factor

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factor,

in arithmetic, any number that divides a given number evenly, i.e., without any remainder. The factors of 12 are 1, 2, 3, 4, 6, and 12. Similarly in algebra, any one of the algebraic expressions multiplied by another to form a product is a factor of that product, e.g., a+b and ab are factors of a2b 2, since (a+b)(ab)=a2b2. In general, if r is a rootroot,
in mathematics, number or quantity r for which an equation f(r)=0 holds true, where f is some function. If f is a polynomial, r is called a root of f; for example, r=3 and r
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 of a polynomialpolynomial,
mathematical expression which is a finite sum, each term being a constant times a product of one or more variables raised to powers. With only one variable the general form of a polynomial is a0xn+a1x
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 equation f(x)=0, then (xr) is a factor of the polynomial f(x).
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factor

[′fak·tər]
(mathematics)
For an integer n, any integer which gives n when multiplied by another integer.
For a polynomial p, any polynomial which gives p when multiplied by another polynomial.
For a graph G, a spanning subgraph of G with at least one edge.
(statistics)
A quantity or a variable being studied in an experiment as a possible cause of variation.
McGraw-Hill Dictionary of Scientific & Technical Terms, 6E, Copyright © 2003 by The McGraw-Hill Companies, Inc.

factor

1. Maths
a. one of two or more integers or polynomials whose product is a given integer or polynomial
b. an integer or polynomial that can be exactly divided into another integer or polynomial
2. Med any of several substances that participate in the clotting of blood
3. Law, Commerce a person who acts on another's behalf, esp one who transacts business for another
4. former name for a gene
5. Commercial law a person to whom goods are consigned for sale and who is paid a factorage
6. (in Scotland) the manager of an estate
Collins Discovery Encyclopedia, 1st edition © HarperCollins Publishers 2005

factor

A quantity which is multiplied by another quantity.

See also divisor.
This article is provided by FOLDOC - Free Online Dictionary of Computing (foldoc.org)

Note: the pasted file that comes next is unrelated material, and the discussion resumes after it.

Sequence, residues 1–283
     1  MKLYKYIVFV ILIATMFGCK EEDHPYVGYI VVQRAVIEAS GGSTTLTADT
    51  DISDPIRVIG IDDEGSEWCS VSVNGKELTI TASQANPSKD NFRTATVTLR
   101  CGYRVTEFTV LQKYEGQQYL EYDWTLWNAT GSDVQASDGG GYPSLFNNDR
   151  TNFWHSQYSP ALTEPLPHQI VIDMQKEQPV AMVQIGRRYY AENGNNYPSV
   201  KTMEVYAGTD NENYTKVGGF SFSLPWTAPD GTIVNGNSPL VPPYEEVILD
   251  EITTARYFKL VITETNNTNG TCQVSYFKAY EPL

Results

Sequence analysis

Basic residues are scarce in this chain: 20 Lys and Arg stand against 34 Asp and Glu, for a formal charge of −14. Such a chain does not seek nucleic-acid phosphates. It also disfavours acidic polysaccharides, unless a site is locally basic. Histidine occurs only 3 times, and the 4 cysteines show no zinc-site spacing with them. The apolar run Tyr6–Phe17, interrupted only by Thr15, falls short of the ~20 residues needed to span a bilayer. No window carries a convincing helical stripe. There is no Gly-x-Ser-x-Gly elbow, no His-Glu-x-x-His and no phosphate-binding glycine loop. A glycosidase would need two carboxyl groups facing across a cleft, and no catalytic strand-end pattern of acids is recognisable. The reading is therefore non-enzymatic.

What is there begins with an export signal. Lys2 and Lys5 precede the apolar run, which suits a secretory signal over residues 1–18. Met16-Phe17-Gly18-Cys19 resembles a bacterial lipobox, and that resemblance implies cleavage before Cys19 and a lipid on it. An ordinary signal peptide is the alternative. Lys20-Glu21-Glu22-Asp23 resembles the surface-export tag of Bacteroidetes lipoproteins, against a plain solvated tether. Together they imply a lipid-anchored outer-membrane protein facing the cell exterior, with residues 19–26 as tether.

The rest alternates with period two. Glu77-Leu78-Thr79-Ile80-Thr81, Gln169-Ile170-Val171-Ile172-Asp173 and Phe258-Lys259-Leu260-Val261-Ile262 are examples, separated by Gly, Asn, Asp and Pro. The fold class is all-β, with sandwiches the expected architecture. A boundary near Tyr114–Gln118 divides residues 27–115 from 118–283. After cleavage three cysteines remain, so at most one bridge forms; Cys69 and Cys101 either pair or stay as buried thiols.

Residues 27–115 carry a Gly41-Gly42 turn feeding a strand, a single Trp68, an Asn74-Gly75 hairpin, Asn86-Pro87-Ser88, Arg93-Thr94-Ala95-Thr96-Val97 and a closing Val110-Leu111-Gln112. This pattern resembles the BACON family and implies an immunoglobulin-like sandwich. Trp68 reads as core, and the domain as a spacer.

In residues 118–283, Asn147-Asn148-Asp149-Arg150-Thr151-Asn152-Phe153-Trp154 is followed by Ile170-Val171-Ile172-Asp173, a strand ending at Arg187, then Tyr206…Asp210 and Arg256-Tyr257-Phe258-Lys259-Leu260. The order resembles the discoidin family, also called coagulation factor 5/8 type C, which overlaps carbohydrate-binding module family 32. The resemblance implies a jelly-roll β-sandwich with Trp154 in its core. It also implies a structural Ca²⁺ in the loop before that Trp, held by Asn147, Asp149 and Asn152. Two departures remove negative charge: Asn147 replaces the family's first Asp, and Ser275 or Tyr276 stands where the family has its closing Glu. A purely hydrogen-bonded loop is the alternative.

factor

A number that divides evenly into another number. For example, 3 and 4 are factors of 12. See factorial and IFP.
Copyright © 1981-2019 by The Computer Language Company Inc. All Rights reserved. THIS DEFINITION IS FOR PERSONAL USE ONLY. All other reproduction is strictly prohibited without permission from the publisher.
References in periodicals archive ?
The final Factor Analysis was run again on 44 items, the sampling adequacy was good and the correlations in the matrix were significantly different form zero and therefore factorable. Again, Factor Analysis using the Maximum Likelihood technique with Direct Oblimin oblique rotation method was chosen.
When considering the properties of factorable matrices, many authors have used methods similar to the methods for Riesz matrices (see for example [1,7,9,10]), which often generated quite lengthy proofs.
In the design of the spectral algorithm we used parts of the code of the analytical algorithm [ARFact-Scalar] (see [19]), that computes explicit factorizations for any factorable rational scalar function defined on the unit circle.
We say that an operator T: X [right arrow] E is p-th power factorable if there exists an operator [T.sub.[p]] : [X.sub.[p]] [right arrow] E, which equals T over X [subset or equal to] [X.sub.[p]].
CLA's cost function is not directly related to a proximity measure between the frequency response characteristics of the filters, but is based on the Mean Square Error (MSE) criterion between the output of the original polynomial and the output of the resulting factorable polynomial for various real values of [absolute value of [z.sub.1]] < 1 and [absolute value of [z.sub.2]] < 1.
Let M be an Orlicz function and p = ([p.sub.k,l]) be a factorable double sequence of strictly positive real numbers.
Correlation coefficients may be factorable. Factor analysis revealed that 3 of the 7 factors have Eigen values greater than one and were selected as independent variables for multiple regression model (Tabachnick and Fidell, 2001; Johnson and Wichern, 2002).
The determinant was neither an identity matrix nor singular suggesting that the correlation matrix was factorable. Another method to determine the appropriateness of factor analysis is Bartlett's test of sphericity, which is recommended if there are fewer than five cases per variable (Tabachnick and Fidell, 2007).
Validity Tests We began by performing the Kaiser-Meyer-Olkin (KMO) test and Bartlett's test for sphericity to determine if the scales were adequately factorable (Bartlett, 1951; Kaiser, 1974).
And, typically, the factor will place caps and limits on the maximum factorable balance from each customer.
On the other hand, there exist some restrictions: This method can be used only for the factorable systems and the basic version of this method is non-universal.
Hence, the KMO statistic and Bartlett's test of Sphericity (P<O) suggest that the correlation matrix is factorable and that there are some underlying factor/dimensions that may explain the variance of 15 items.